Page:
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Forgotten veterans remember: Minnesotans called to Korean War together reunite to share stories

Clint Ihlang of New London returned from the Korean War and quickly discovered that his service was not going to win him any special appreciation. He bought a 1950 Ford and discovered one day later that he had been cheated on the transaction. (Tribune photo by Gary Miller)1 / 2
Floyd Gieske, a Raymond native who made his career in the Twin Cities, holds photos from basic training at Fort Riley, Kan. Korean War veterans from Minnesota who were drafted and arrived together at Fort Riley for basic training on Nov. 24, 1950, joined this week for their second reunion to reminisce about the forgotten war they fought. (Tribune photo by Gary Miller)2 / 2

WILLMAR -- The country may have been quick to forget the Korean War, but it was never that way for its veterans.

"It took us 20 years to forget about the war,'' said Floyd Gieske, a Raymond native now living in Minneapolis.

But 54 years after he received the draft notice that sent him to war, Gieske decided he was willing to revive the memories when a different sort of letter arrived in his mailbox.

It came from Hilary Dreier, of Fairfax in Renville County. It asked Gieske if he wanted to get together with other Minnesotans who had received the same notice from Uncle Sam in 1950.

On Nov. 24, 1950, Gieske, Dreier and dozens of the other Minnesotans had ended up together on their way to the same destination: Basic training at Fort Riley, Kan.

"They couldn't even wait for Thanksgiving,'' said Mel Grano, of Pequot Lakes, as he and 18 other Korean War veterans joined Tuesday at the Legion Club in Willmar. It marked the second reunion of the 10th Infantry Division Headquarters, First Battalion, 86th Infantry.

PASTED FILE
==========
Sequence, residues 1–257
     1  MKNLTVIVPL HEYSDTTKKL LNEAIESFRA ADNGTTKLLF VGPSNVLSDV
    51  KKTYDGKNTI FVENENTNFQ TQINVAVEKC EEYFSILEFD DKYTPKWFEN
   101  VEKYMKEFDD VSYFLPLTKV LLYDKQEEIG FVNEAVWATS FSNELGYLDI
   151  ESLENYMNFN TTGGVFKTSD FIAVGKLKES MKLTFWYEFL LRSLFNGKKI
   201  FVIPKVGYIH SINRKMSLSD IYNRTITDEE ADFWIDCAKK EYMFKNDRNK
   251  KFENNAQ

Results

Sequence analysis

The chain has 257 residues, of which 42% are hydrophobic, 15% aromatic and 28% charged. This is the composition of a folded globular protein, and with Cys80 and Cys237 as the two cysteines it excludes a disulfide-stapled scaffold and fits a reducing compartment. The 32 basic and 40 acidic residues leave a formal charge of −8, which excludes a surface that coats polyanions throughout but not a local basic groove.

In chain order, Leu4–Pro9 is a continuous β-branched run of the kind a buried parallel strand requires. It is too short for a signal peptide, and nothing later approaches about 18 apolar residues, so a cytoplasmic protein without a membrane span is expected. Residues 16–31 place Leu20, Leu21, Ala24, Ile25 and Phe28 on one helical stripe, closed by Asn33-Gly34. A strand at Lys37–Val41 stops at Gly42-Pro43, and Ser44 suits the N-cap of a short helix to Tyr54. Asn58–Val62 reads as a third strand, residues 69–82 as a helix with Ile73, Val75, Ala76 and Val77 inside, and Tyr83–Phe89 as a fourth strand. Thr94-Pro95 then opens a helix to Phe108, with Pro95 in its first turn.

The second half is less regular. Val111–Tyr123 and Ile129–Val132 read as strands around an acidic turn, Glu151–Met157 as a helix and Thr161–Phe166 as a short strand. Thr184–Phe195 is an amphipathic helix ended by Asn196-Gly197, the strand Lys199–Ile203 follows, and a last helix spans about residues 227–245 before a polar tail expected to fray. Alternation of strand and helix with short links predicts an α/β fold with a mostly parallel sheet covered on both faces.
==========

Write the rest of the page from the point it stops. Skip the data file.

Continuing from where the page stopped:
The company of draftees who had arrived at Fort Riley was comprised predominately of young men from Minnesota. Although they would serve in different units and roles in Korea, the bonds they formed during basic training were still strong enough to pull them together when Dreier sent out invitations to a reunion in New Ulm in 2004.

They gathered this week in Willmar for many of the same reasons they had met originally in New Ulm. Here was something they could not find at war's end: Other people who knew what they had gone through, and who they could talk to about it.

"My brother and sister didn't know what I went through,'' said Gerald Schwieger of Welcome about his return from Korea in 1952.

During basic training, his size 13 combat boots and large frame earned him the nickname ''Big Mo'' after the battleship Missouri. It was his duty in Korea to stand tall and drop the shells into the mortar. It's a task he often performed as enemy soldiers attacked.

"It was one hard time,'' said Schwieger. "You never forget.''

Yet somehow the country did. The veterans who gathered in Willmar said that theirs was indeed a forgotten war, and right from the start.

"It wasn't animosity,'' said Gieske. "It just seemed that nobody cared.''